We’re constantly working on ways to improve our user experience. Through this latest update, we’ll be rolling out several advancements on the mobile Home hub designed to make finding the audio you love easier and more intuitive. These will roll out to users globally on iOS and Android this month.

The redesigned home hub is the latest announcement in a series of recent product updates, including genre and mood filters for liked songs, real-time lyrics, and the upcoming lossless tier.

In my tests with Spotify this year, I’ve been positively impressed by the company’s pace of updates. What I find particularly intriguing in the refreshed home hub design is the integration with podcasts: I was very skeptical of blending music and podcasts in the same app when I switched to Spotify at the end of last year, but the more I use it, the more I understand why podcast listening in Spotify is growing rapidly. There’s something about making both kinds of audio content accessible in one place that works well for removing friction from having to choose what I want to listen to. I’m curious to see how Spotify will balance music and podcast episodes in new home hub (which I don’t have in my Spotify app yet).

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The Pleasures of Conversing via Voice Text

Fun story by Rachel Syme, writing for The New Yorker last week, on rediscovering the simple pleasure of sending audio messages (voice texts) to friends during the pandemic:

Voice texts (also called audio messages), by contrast, are text messages with a pulse, phone calls with none of the pressure; they are fizzy zaps of connection that demand little of the recipient except that she listen and enjoy before they’re gone. They are not a new feature—on iPhones, they launched as part of the iOS8 update, way back in 2014 (and users of WhatsApp have long communicated with a similar service). But voice texting has gained obvious new appeal during the past year of isolation. At the site nofilter, the reporter Kate Lindsay wrote that she had been prepared to dismiss voice texting as “a Gen Z (or, rather, z-lennial) fad. Then the pandemic hit, and before I knew it all my text message conversations were replaced with disappearing audio snippets.”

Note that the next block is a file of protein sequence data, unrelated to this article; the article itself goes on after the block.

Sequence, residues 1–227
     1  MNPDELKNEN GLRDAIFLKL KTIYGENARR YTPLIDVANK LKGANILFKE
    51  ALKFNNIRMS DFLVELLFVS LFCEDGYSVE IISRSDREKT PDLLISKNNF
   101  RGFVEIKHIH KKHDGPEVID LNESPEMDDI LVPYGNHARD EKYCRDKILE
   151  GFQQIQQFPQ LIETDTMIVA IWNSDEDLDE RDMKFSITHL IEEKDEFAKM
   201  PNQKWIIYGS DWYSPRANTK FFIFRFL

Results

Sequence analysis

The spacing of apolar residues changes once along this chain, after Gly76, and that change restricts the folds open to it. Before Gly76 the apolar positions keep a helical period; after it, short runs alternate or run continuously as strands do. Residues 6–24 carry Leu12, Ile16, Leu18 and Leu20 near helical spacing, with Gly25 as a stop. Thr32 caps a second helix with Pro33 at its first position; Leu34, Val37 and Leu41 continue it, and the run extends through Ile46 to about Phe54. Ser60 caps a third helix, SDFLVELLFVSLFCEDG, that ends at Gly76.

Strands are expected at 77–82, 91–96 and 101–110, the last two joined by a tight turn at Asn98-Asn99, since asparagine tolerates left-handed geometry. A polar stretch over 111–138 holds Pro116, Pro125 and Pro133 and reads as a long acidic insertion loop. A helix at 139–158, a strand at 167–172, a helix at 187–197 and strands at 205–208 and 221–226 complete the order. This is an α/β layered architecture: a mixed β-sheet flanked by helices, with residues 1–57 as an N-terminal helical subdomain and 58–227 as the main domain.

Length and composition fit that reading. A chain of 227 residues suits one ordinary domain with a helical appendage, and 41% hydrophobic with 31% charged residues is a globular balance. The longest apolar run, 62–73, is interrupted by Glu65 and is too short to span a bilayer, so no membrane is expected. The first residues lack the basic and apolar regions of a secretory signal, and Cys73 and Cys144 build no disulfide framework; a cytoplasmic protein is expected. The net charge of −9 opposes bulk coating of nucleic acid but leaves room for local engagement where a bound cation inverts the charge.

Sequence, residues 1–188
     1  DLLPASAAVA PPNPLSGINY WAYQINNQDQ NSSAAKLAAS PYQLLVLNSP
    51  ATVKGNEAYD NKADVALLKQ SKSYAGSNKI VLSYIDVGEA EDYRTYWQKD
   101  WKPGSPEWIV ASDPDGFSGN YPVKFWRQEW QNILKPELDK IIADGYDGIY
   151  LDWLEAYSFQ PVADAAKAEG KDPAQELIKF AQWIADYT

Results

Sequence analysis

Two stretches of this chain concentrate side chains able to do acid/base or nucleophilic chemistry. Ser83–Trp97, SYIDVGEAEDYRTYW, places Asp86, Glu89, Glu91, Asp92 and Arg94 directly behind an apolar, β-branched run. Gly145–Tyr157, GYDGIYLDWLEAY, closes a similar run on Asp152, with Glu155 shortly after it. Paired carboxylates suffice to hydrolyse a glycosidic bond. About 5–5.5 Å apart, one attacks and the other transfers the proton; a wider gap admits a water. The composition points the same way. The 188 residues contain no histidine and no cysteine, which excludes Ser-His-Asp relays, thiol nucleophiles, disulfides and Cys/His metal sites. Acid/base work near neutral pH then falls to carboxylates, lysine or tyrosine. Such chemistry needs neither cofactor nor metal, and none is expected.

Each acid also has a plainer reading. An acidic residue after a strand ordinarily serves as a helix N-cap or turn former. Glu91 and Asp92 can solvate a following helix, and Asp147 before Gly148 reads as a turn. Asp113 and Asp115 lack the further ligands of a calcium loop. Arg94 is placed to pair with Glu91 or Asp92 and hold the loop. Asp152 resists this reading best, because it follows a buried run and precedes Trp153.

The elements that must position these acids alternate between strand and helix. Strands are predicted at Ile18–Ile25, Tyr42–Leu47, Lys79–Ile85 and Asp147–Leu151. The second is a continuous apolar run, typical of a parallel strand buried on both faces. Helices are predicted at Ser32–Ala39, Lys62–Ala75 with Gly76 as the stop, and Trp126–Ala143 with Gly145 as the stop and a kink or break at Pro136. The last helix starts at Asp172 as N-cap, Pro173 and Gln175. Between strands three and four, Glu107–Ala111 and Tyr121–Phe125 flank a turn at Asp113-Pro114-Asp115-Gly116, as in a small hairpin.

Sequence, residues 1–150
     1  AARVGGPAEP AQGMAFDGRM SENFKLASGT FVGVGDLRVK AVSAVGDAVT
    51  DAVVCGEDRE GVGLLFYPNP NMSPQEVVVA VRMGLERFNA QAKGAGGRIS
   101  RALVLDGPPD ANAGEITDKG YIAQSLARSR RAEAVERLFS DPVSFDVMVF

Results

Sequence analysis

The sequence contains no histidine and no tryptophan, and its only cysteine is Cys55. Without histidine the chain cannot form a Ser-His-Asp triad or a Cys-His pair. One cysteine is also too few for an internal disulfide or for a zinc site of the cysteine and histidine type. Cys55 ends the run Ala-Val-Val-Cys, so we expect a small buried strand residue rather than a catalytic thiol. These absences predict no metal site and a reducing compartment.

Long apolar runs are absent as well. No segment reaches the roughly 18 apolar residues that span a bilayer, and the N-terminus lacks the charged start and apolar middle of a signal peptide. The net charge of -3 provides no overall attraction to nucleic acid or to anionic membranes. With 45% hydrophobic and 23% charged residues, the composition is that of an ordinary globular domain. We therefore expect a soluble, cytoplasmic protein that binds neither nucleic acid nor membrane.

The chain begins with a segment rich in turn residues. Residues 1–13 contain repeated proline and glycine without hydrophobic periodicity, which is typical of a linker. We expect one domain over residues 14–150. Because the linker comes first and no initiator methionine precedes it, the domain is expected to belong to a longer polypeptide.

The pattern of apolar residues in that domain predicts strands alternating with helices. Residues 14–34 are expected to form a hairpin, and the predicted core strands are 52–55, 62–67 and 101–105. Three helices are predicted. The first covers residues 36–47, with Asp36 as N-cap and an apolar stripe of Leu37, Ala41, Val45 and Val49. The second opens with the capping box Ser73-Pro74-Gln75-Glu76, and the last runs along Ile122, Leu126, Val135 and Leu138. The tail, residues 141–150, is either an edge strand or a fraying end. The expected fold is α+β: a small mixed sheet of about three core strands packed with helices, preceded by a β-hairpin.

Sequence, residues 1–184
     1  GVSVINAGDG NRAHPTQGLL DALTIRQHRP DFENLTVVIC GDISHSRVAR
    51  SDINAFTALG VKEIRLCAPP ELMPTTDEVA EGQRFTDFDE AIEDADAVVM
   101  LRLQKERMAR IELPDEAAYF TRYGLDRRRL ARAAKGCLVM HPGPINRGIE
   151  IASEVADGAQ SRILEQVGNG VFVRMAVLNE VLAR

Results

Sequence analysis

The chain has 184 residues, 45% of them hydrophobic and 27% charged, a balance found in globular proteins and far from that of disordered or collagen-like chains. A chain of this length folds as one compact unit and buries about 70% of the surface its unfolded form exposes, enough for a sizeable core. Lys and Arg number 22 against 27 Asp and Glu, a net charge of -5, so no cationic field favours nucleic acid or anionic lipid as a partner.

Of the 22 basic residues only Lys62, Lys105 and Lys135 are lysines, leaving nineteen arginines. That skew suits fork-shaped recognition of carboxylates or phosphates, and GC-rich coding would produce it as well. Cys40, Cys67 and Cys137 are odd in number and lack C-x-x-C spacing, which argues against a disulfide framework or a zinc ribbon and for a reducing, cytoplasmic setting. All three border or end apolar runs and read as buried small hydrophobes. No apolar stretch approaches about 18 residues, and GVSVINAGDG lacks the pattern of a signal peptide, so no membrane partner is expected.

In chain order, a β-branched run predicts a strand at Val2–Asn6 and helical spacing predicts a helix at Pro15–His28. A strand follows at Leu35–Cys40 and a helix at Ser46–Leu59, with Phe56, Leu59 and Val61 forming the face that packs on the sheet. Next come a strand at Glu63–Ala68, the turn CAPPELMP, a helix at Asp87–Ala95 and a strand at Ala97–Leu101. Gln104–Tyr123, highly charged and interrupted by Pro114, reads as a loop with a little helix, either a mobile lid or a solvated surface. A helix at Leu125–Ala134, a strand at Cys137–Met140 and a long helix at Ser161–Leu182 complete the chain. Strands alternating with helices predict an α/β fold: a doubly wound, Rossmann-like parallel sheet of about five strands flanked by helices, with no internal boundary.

Audio messages have been the default communication method among my friends and family for the past several years (primarily via WhatsApp; no one I know here in Italy uses iMessage’s voice text UI since it’s, frankly, quite clunky). During the pandemic and through our various stages of lockdown, however, I’ve also rediscovered the joy of sending audio messages, which strike a nice balance between the immediacy of a text and the additional context of a phone call.